It’s important to note that this is more of a Part 1 of a book, with the next two instalments (The Elite and The One) filling Parts 2 and 3 – there isn’t a real story resolution and I’m glad the next two books have already been released. I’d like to see this story as a bind-up to complete the story.

Overall, a fun read that has instigated a need to finish this series (if not only for the gorgeous covers!).
View all my reviews

Annalise x

#WaitingOnWednesday – Nothing Tastes As Good by Claire Hennessy

This week’s Waiting On Wednesday book is Nothing Tastes As Good by Claire Hennessy!


UK Publisher: Hot Key Books

UK Release Date: 14th July 2016

Nothing Tastes As Good is the story of Annabel, a recently deceased teen who suffered from anorexia in life, who is assigned to help another teenager with a difficult relationship with food, Annabel.

I’ve been absolutely loving Irish YA at the moment (and so is everyone else, if they deluge of awards for the likes of Sarah Crossan and Louise O’Neill is anything to go by) and I’m SO excited for this July release.

There’s a pandemic in YA of important issues that affect teenagers which tend to go ignored because they’re difficult to write. I’m talking things like body image and body dysphoria, discovering your sexuality or coming to terms with a disability or illness.

Finally, we have a book that tackles anorexia, obesity and eating disorders, and it has some brilliant reviews (GoodReads average 4.5 at time of writing), and I can’t wait to read and review. If you know of any books which tackles similar issues, please let me know!

Annalise x

Review: And I Darken by Kiersten White

And I Darken by Kiersten White

My rating: 3 of 5 stars

**Disclaimer: copy received from the publisher via NetGalley in exchange for an honest review**

3.5 stars

And I Darken is the first in a new trilogy by Kiersten White, whose Paranormalcy I have previously read and enjoyed, but just didn’t carry on with. It follows Lada Dracul, the gender-swapped version of Vlad the Impaler. Pretty awesome, right?

I loved the concept of this novel from the outset, and knew I just had to read it. I love Dracula, and I love alternate histories.

The novel begins with Lada’s birth and childhood, which I really enjoyed seeing – we rarely see the background of a character, and this beginning felt very different. We’re dropped into Wallachia, gaining an insight into the upbringing of Lada and her younger brother, Radu, from whose perspective the story is also told. Lada is boistrous and violent, whilst Radu is quiet and timid, and these were fun roles to explore.

We slowly see Lada and Radu grow up, and soon they are traded and betrayed by their father to the Sultan, whose son, Mehmed, they soon grow close too. I actually really liked the character of Mehmed, who struggles with politics and power. The only problem with Mehmed is that everyone and their dog appears to be in love with him. The romance between Mehmed and Lada is interesting, simply because she struggles with wanting to be her own woman, and also with jealousy of Mehmed’s wives and concubines, which I thought brought an original and refreshing twist on a typical romance. She also rebuffs his advances which I liked – many girls in YA simply fall for the handsome prince when he dares to look their way.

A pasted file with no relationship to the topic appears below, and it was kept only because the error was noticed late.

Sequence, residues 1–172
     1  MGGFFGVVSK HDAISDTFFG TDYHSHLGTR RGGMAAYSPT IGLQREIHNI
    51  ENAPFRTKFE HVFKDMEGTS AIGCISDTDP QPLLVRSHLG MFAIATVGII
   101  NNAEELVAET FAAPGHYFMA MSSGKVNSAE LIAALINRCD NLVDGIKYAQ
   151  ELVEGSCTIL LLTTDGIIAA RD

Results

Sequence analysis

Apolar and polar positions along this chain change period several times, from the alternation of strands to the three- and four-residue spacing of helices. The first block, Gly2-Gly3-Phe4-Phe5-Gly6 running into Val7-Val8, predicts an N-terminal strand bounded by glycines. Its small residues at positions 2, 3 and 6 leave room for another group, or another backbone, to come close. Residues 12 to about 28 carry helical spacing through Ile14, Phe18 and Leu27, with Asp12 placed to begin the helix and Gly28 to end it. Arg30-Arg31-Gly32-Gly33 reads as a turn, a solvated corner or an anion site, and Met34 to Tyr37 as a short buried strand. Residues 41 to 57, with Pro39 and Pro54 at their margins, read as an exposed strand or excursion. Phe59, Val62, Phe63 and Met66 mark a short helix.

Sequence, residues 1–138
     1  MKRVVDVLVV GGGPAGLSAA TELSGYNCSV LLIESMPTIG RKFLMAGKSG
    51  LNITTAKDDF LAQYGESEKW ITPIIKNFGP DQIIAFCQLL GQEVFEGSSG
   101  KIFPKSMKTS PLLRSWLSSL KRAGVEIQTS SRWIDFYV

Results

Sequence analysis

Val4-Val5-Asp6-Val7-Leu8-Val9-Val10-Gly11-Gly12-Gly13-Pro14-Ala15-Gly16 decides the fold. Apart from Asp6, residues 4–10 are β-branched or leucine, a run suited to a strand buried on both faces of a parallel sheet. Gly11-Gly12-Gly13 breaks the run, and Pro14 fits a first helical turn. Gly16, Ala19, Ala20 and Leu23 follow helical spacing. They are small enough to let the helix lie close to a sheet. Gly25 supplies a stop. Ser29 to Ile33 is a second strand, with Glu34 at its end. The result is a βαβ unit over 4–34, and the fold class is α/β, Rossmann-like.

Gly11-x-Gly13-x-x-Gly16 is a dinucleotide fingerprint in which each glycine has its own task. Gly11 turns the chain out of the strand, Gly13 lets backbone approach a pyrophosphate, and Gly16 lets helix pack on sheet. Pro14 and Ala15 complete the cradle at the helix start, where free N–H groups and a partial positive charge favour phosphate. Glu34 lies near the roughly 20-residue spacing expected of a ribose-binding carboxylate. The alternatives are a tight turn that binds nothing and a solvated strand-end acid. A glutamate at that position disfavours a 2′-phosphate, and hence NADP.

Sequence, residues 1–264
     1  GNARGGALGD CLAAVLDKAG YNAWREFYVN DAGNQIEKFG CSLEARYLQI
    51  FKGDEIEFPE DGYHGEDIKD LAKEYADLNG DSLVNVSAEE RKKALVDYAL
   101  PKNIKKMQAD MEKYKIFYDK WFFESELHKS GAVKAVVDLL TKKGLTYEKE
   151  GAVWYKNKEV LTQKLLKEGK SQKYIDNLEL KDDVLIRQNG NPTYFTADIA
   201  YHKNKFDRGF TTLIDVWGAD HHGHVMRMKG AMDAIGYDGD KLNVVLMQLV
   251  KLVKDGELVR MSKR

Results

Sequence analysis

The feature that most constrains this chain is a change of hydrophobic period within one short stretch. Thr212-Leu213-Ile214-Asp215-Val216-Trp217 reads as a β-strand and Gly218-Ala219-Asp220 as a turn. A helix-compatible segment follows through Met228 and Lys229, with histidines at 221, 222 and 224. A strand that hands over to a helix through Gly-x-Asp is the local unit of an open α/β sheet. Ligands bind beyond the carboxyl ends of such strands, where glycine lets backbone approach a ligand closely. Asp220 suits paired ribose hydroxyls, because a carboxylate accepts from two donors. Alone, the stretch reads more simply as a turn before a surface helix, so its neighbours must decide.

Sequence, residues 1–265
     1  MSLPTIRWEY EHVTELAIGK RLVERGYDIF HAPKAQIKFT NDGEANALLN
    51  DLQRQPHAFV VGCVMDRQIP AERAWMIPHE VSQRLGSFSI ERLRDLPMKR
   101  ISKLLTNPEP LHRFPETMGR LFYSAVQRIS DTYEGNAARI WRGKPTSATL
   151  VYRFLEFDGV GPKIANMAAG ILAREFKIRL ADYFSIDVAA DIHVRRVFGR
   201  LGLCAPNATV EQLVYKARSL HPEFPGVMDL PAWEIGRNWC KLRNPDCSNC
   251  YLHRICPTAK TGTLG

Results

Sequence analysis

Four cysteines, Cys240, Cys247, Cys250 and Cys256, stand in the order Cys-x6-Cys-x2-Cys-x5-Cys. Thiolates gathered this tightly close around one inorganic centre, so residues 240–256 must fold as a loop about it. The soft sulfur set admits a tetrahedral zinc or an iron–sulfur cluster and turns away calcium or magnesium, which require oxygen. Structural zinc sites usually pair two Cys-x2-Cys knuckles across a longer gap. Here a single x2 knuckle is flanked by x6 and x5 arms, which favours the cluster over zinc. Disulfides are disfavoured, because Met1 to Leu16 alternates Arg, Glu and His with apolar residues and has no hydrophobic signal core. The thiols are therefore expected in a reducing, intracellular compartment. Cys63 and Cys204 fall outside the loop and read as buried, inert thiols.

My problem with Lada is the same problem I had with Celaena Sardothien in the first Throne of Glass novel – for a character advertised as cutthroat, murderous and ravenous for blood, she doesn’t do much killing. In fact, she’s left behind while the men go off to fight, and she never kills except for in self defence. I think there’s a hesitation with authors to write a character, and especially a female character, who actually is a bit evil, and does actual killing without remorse. Lada really did show promise at the beginning of the novel, but she just didn’t live up to her promise.

Another problem I had – and this is perhaps my own fault – is there were so many characters in this, and I forgot who they were and what had happened previously to them. I did put this book down about 1/3 of the way through in early June and pick it back up to finish it a few weeks later, but some of the characters just weren’t memorable, and then became important. I loved almost all of the female characters, but I just became confused about who a lot of the male characters were and when they had been introduced.

What this book really needs at the beginning is a map and a timeline – I got confused when time skipped ahead quickly, and had no idea what year it was or how old the characters were, although this would have been easier with a real life copy of the book.

What ultimately led me to give this book 3.5 stars was the voice – this book is written in third person limited, and so we don’t really get to see the feelings and motivations of the characters, and I felt a bit disconnected from them.